Methods

Study design

We conducted a qualitative study to explore the participants’ personal views and experiences. We conducted semistructured interviews and focus group discussions with doctors who were grouped according to their clinical setting (public vs private). This approach was taken to ensure homogeneity and to capitalise on shared experiences among the doctors.16

Setting

The interviews were conducted between September 2013 and April 2014 at public health clinics, academic primary care clinics and private general practice clinics in Klang Valley, Malaysia. In Malaysia, the public sector consists of government-subsidised hospitals and health clinics, while the private sector comprises fee-for-service hospitals and clinics. In this study, doctors were purposively sampled from both settings to achieve maximum variation based on EBM knowledge, working experiences and settings.

Participants, recruitment and sampling

Doctors working in public and private healthcare clinics were recruited through email and telephone invitations. Researchers arranged to interview the doctors at a time and location of their convenience. Most of the interviews were held at the doctors’ workplace except for one group of general practitioners which was interviewed after a clinical training workshop. The participants included medical officers (doctors who work in the public sector and do not have a postgraduate qualification), family medicine specialists, primary care lecturers and general practitioners working in primary care settings. Recruitment was continued until data saturation was achieved. Trained qualitative researchers conducted focus group discussions and individual in-depth interviews using a semistructured topic guide. All participants received and went through the participant information sheet before giving written consent.

Data collection

An interview topic guide (see online supplementary file 1) was developed and subsequently modified in response to settings and themes that emerged during the interviews. Open-ended questions were asked during the interview to explore views and understanding towards EBM (attitudes), how their practice is being influenced by their peers (subjective norms) and their workplace culture (control). The same topic guide was used and the same information about the study was given for both interviews and focus groups. The interview questions were developed from findings from previous studies and expert opinions and based on the Theory of Planned Behaviour (TPB). TPB is an extensively used psychological model for understanding human behaviour.17 It suggests that people are far more likely to behave in a specific way if they form a conscious intention to do so and this intention is the major determinant of whether the behaviour will happen. Intention is influenced by attitude, subjective norms and self-efficacy. Each interview lasted 45–60 min. All identifiers were removed and data were kept confidential.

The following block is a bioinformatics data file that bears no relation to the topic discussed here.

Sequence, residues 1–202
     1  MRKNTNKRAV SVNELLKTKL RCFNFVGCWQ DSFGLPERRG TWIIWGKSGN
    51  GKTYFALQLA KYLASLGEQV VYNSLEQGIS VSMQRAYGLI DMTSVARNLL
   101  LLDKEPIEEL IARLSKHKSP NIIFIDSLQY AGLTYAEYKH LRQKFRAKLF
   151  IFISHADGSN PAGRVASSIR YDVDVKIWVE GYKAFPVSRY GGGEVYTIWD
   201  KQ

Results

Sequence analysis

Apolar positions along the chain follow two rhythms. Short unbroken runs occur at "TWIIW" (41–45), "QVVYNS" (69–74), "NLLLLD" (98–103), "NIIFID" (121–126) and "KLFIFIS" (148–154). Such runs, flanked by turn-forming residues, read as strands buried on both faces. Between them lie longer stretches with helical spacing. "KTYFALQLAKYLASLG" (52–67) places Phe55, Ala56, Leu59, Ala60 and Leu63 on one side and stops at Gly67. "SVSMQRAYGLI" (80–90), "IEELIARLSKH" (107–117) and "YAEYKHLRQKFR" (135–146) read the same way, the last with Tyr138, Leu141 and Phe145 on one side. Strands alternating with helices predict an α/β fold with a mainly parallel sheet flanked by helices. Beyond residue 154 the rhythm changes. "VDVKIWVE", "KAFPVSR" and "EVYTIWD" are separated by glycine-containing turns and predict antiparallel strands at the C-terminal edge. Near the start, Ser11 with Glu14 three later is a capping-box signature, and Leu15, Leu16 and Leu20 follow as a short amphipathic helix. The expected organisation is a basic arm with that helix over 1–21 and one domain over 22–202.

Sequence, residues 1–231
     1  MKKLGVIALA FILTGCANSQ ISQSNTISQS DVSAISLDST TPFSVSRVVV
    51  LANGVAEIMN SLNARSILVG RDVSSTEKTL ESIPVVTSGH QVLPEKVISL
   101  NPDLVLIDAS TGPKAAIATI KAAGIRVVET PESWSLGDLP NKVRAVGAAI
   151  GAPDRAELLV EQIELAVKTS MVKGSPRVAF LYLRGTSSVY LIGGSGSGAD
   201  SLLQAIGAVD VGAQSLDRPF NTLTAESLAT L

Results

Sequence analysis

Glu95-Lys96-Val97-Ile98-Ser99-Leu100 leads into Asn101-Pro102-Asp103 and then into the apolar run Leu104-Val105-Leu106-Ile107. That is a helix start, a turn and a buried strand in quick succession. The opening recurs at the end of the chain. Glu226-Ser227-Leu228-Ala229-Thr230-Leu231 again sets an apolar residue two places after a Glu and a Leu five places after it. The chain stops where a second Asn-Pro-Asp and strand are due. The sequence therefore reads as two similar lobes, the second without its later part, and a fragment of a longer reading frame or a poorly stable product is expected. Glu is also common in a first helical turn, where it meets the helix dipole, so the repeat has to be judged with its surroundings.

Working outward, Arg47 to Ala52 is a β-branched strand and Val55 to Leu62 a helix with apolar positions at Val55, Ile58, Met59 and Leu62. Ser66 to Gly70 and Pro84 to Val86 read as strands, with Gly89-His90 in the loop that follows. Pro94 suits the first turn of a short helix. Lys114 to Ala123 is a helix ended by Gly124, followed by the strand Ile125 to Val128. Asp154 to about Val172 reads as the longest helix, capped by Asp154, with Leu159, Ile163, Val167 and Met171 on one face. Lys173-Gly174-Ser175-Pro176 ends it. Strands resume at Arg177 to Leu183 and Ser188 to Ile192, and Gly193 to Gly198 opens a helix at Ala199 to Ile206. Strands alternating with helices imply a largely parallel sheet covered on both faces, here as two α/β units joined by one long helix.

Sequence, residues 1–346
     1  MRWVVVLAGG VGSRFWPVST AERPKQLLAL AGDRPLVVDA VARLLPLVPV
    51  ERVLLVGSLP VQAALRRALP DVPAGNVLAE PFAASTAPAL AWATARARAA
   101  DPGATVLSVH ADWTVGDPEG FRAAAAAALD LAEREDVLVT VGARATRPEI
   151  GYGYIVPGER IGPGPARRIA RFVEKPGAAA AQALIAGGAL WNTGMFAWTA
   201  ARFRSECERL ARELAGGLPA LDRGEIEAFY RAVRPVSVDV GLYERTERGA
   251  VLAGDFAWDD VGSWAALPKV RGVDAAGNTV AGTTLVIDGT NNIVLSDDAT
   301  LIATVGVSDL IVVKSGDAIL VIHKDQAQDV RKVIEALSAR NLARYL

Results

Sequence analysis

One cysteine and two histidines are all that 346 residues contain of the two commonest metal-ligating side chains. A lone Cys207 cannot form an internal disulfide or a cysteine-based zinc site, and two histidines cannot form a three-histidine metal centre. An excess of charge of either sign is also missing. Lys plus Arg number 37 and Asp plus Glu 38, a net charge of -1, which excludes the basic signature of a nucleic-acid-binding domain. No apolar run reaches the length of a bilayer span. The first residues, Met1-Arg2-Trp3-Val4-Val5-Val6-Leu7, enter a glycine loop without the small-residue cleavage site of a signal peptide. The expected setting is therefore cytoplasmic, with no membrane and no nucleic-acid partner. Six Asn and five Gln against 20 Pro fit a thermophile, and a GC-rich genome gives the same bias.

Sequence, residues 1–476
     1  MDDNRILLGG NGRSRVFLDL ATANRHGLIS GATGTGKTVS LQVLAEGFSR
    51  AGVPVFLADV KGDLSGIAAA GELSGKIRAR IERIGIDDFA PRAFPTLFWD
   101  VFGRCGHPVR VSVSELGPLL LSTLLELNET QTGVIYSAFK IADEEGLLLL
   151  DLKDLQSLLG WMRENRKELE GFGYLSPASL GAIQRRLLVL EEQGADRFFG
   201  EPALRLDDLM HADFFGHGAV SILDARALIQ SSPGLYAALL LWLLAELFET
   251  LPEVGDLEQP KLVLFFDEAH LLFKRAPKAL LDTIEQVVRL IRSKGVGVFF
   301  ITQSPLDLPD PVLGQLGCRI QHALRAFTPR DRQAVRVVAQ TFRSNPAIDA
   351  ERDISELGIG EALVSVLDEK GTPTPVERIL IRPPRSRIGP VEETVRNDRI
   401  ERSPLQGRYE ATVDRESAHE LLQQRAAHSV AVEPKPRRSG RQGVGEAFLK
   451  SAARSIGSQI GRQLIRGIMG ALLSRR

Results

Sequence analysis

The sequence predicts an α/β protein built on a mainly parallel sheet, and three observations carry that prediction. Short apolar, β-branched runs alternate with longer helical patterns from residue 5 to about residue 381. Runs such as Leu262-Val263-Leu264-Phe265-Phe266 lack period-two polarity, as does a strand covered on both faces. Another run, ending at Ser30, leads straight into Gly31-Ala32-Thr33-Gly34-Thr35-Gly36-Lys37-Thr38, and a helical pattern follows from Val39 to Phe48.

Data analysis

A thematic analysis approach was used for data analysis. We used in-depth interviews, focus group discussions and field notes to triangulate the data. All interviews were audio recorded, transcribed verbatim and checked. The transcripts, supplemented by reflective field notes, were read and reread for familiarisation and immersion. Three researchers (RH, NH and GJH) independently coded two interviews line by line to develop an initial list of codes. Subsequent interviews were coded using this list, and new themes which emerged from these interviews were added to the list on consultation with the research team. Nodes with similar themes were grouped to form categories. The coding framework was checked independently by SML and CJN, and discrepancies were resolved via discussion and consensus. Themes were then refined by removing or recoding redundant and infrequent nodes to produce the final themes. Data saturation was obtained when new codes ceased to emerge from the data and repeated coding occurred with the same codes. Data analysis was facilitated by the use of the computer-assisted qualitative analysis software Nvivo V.10 to help sort, arrange and classify the data.

Results

There were 37 primary care physicians who participated in six focus group discussions (n=31) and six individual in-depth interviews. The demographic and clinical backgrounds of the participants are presented in table 1. We identified three core themes that influenced the implementation of EBM in practice: (1) lack of knowledge and skills in searching and applying evidence, (2) EBM culture in a doctor's workplace, and (3) the perception of EBM as a threat to good clinical practice. The summary of coding framework is presented in table 2.

Table 1

Demographic and clinical backgrounds of the participants

Table 2

Core themes that influenced the implementation of EBM practice

Lack of knowledge and skills in searching and applying evidence